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Compute $\int _0^\infty\frac{x \sin x}{1+x^2}dx$ with the residue theorem

Ok so I have done a couple of these but I'm stuck on this one. I want to use

$$ \int_0^\infty \frac{ze^{iz}}{1+z^2}dz $$

and then take the imaginary part of the answer at the one, that is how I have done it so far. But I have to use Jordans Lemma here, right? And I'm not really sure what to do when the lower limit is zero, I have only done it with $-\infty$. Any suggestions?

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Consider the contour integral

$$\oint_C dz \frac{z \, e^{i z}}{1+z^2} $$

where $C$ is a semicircle of radius $R$ in the upper half plane. Then the contour integral is equal to

$$\int_{-R}^R dx \frac{x \, e^{i x}}{1+x^2} + i R \int_0^{\pi} d\theta \, e^{i \theta} \, \frac{R e^{i \theta} e^{i R e^{i \theta}}}{1+R^2 e^{i 2 \theta}}$$

Now we want to take the limit as $R \to \infty$ and show that the second integral, which represents the integral about the arc, goes to zero in this limit. We do this by showing that the magnitude of the integral goes to zero. Note that, by the Cauchy-Schwartz inequality,

$$R\left |\int_0^{\pi} d\theta \, e^{i \theta} \, \frac{R e^{i \theta} e^{i R e^{i \theta}}}{1+R^2 e^{i 2 \theta}} \right | \le R\int_0^{\pi} d\theta \, \left | e^{i \theta} \, \frac{R e^{i \theta} e^{i R e^{i \theta}}}{1+R^2 e^{i 2 \theta}}\right | \le \frac{R^2}{R^2-1}\int_0^{\pi} d\theta \, e^{-R \sin{\theta}}$$

Now we make use of the inequality

$$\sin{\theta} \ge \frac{2}{\pi} \theta \quad \forall\theta \in [0,\pi/2]$$

We use the symmetry of the integrand and conclude that the integral about the arc is bounded by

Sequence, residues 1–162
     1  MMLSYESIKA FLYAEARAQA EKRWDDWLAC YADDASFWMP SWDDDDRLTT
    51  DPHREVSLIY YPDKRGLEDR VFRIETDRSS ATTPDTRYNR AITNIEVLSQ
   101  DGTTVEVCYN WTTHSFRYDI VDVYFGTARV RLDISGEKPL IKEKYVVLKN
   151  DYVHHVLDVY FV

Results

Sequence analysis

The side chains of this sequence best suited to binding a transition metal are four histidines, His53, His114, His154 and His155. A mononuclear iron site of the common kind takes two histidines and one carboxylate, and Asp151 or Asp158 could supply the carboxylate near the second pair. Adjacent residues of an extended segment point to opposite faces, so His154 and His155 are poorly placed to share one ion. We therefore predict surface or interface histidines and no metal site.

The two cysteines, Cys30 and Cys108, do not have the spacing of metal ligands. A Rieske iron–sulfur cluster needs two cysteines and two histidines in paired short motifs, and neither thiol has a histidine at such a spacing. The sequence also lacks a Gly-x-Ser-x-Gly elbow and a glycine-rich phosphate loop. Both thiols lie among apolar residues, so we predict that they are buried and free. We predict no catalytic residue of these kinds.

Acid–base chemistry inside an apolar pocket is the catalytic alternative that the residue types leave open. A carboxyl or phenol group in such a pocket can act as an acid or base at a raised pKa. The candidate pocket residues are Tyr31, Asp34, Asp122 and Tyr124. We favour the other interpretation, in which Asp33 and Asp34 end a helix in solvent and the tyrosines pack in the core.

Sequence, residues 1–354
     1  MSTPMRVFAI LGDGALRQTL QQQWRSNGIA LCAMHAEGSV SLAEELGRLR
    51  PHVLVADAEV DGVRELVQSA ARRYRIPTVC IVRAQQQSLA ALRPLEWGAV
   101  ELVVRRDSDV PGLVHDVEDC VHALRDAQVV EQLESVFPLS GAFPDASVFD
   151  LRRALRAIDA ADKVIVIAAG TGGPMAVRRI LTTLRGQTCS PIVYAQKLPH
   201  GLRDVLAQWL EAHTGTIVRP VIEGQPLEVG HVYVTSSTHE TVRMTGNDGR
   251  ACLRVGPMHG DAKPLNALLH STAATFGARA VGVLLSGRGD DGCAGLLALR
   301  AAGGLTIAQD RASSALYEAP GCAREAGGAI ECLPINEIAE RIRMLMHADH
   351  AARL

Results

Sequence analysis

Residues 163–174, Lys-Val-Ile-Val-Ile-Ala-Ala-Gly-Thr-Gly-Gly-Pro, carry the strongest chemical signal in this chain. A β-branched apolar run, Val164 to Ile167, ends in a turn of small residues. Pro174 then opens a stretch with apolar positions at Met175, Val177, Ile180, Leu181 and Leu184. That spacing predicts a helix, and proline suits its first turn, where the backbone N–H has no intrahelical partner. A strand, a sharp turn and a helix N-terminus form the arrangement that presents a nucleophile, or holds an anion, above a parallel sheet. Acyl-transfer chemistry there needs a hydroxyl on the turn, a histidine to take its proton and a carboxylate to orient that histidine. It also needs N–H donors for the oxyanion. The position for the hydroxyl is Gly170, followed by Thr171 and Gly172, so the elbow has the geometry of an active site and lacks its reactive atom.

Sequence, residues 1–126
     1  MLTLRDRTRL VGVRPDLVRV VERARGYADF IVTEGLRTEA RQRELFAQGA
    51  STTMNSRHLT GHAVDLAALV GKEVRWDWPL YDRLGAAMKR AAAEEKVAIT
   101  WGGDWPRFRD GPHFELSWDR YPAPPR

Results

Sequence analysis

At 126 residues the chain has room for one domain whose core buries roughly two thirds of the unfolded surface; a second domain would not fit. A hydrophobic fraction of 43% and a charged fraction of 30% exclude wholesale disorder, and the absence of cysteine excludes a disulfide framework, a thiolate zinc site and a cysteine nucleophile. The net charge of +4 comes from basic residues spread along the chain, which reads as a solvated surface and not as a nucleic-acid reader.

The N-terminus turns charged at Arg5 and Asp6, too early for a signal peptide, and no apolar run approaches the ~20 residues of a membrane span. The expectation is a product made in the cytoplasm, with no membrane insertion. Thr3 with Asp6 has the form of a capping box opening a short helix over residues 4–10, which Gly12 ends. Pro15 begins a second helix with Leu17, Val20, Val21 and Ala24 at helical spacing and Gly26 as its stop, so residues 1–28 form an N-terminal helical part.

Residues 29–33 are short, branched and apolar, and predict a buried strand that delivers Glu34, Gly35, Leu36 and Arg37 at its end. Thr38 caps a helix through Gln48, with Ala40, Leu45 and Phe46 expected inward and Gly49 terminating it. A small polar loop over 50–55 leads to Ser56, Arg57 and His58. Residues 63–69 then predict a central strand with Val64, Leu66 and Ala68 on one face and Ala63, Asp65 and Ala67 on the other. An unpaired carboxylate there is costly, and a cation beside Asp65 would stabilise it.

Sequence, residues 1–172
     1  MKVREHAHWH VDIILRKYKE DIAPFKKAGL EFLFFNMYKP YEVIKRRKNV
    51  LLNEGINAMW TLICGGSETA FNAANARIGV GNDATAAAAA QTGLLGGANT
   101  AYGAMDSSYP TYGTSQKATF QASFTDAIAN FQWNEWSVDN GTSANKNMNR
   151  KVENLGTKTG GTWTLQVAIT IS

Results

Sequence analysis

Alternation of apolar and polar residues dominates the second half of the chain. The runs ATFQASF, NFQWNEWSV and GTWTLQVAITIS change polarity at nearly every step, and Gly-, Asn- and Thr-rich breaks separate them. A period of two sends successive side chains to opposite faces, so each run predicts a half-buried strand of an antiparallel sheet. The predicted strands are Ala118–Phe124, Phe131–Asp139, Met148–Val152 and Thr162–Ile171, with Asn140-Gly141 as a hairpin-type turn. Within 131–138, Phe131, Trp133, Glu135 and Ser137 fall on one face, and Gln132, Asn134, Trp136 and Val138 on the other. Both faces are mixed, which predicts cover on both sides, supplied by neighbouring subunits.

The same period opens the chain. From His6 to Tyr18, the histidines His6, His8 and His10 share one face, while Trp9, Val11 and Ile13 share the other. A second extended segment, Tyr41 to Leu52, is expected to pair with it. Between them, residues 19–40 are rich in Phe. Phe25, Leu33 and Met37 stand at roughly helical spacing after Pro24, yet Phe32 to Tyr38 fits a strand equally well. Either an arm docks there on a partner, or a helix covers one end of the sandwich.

$$\frac{2 R^2}{R^2-1}\int_0^{\pi/2} d\theta \, e^{-2 R \theta/\pi} = \frac{\pi R}{R^2-1}$$

which indeed vanishes as $R \to \infty$.

By the residue theorem, the contour integral is also equal to $i 2 \pi$ times the residue at the pole $z=i$. The pole $z=-i$ is excluded because it is not contained within $C$. Thus,

$$\int_{-\infty}^{\infty} dx \frac{x \, e^{i x}}{1+x^2} = i 2 \pi \frac{i \,e^{-1}}{2 i} = i \frac{\pi}{e}$$

Take the imaginary part, take the positive half of the interval (even integrand), and you get the result from @Jack's solution.

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$x\sin x$ is an even function, hence: $$ \int_{0}^{+\infty}\frac{x\sin x}{1+x^2}\,dx = \frac{1}{2}\int_{-\infty}^{+\infty}\frac{x\sin x}{1+x^2}\,dx = \frac{1}{2}\cdot\text{Im}\int_{-\infty}^{+\infty}\frac{z e^{iz}}{1+z^2}\,dz $$ and the last integrand function has two simple poles at $z=\pm i$. By integrating along a rectangle countour enclosing $i$ in the upper half-plane and using the residue theorem we have: $$ \int_{-\infty}^{+\infty}\frac{z e^{iz}}{1+z^2}\,dz = 2\pi i\cdot\text{Res}\left(\frac{z e^{iz}}{1+z^2},z=i\right) = 2\pi i\cdot \frac{i e^{i^2}}{2i} $$ hence: $$ \int_{0}^{+\infty}\frac{x\sin x}{1+x^2}\,dx = \color{red}{\frac{\pi}{2e}}.$$ It is interesting to point out that since $\mathcal{L}(\sin x)=\frac{1}{1+s^2}$ and $\mathcal{L}^{-1}\left(\frac{x}{1+x^2}\right)=\cos(s)$, we have: $$ \int_{0}^{+\infty}\frac{x\sin x}{1+x^2}\,dx = \int_{0}^{+\infty}\frac{\cos(s)}{1+s^2}\,ds.$$

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  • $\begingroup$ Oh i missed that with the even integrand! The rest of this you wrote I can do but my professor demands that we show that the upper half circle tends to zero as we go to infinity, that for me is always the tricky part. $\endgroup$ – user269620 Oct 22 '15 at 19:05

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